Hinkle said the statute and rules regarding third-party voter registration were "not well crafted" and "virtually unintelligible, close to the point, if not past the point, at which a statute -- especially one that regulates First Amendment rights and is accompanied by substantial penalties -- becomes void for vagueness."
Voting-rights groups and Democratic lawmakers, even more fired up in recent weeks over Scott's decision to purge the state's voter rolls of eligible voters, welcomed the decision.
"This law clearly was designed to stop people from voting, and I'm glad to see the judge's ruling," Sen. Bill Nelson (D-FL) said in a statement.
"This is a huge win and sends a strong signal to officials in Florida and other states that if you erect barriers to registering voters, we will fight back," Rock the Vote President Heather Smith said in a statement. "The ruling today serves as a reminder that voter registration activities are a fundamental and protected part of our democracy. We are hopeful that our volunteers can now get back to the civic engagement work we've been doing successfully around the country for two decades: engaging young people in their communities and educating them on the electoral process."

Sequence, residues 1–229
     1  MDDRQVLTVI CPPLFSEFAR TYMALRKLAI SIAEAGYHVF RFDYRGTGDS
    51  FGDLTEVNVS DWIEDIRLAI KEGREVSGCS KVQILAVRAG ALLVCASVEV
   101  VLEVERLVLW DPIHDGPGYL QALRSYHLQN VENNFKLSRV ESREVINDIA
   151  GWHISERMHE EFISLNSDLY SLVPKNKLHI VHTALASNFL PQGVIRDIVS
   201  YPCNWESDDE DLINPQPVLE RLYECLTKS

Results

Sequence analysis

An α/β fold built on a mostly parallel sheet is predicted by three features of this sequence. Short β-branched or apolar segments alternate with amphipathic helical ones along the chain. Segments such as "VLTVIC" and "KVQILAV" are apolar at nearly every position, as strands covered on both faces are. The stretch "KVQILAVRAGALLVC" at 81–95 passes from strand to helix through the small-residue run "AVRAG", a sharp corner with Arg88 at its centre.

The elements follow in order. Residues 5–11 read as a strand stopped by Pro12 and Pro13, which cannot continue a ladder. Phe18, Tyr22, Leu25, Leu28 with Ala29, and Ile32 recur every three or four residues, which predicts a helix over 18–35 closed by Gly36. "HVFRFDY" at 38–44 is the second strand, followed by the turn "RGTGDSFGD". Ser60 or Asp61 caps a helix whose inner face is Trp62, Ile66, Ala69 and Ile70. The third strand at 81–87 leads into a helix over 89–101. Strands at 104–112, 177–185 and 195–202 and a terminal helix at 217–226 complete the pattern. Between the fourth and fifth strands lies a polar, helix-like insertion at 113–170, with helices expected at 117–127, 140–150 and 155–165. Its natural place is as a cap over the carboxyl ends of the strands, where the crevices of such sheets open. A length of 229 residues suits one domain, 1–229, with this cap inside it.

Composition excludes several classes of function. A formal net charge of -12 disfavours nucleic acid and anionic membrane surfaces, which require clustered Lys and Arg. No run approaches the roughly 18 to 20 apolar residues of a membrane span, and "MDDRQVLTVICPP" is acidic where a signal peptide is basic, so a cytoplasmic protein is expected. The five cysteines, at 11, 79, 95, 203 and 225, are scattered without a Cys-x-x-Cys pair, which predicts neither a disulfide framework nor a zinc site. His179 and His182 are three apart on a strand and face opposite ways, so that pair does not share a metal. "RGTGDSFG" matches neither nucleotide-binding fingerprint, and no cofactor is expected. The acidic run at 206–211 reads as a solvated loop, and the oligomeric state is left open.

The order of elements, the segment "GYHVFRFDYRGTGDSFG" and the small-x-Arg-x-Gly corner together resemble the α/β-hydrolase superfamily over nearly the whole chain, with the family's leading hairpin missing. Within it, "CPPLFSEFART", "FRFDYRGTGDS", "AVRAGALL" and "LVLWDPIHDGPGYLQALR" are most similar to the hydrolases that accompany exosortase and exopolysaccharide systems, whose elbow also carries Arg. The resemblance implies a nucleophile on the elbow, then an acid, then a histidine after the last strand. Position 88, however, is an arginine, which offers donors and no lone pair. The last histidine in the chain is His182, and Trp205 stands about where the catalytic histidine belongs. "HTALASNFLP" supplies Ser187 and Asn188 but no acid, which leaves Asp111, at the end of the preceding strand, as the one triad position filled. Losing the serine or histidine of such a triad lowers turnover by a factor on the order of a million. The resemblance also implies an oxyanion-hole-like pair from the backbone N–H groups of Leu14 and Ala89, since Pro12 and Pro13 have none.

The League of Women Voters dropped their registration drive over the restrictions last summer. The Justice Department objected to the restrictions under Section 5 of the Voting Rights Act back in March and said the law might have been passed with the purpose of discriminating against minority voters.
Hinkle's order is embedded below.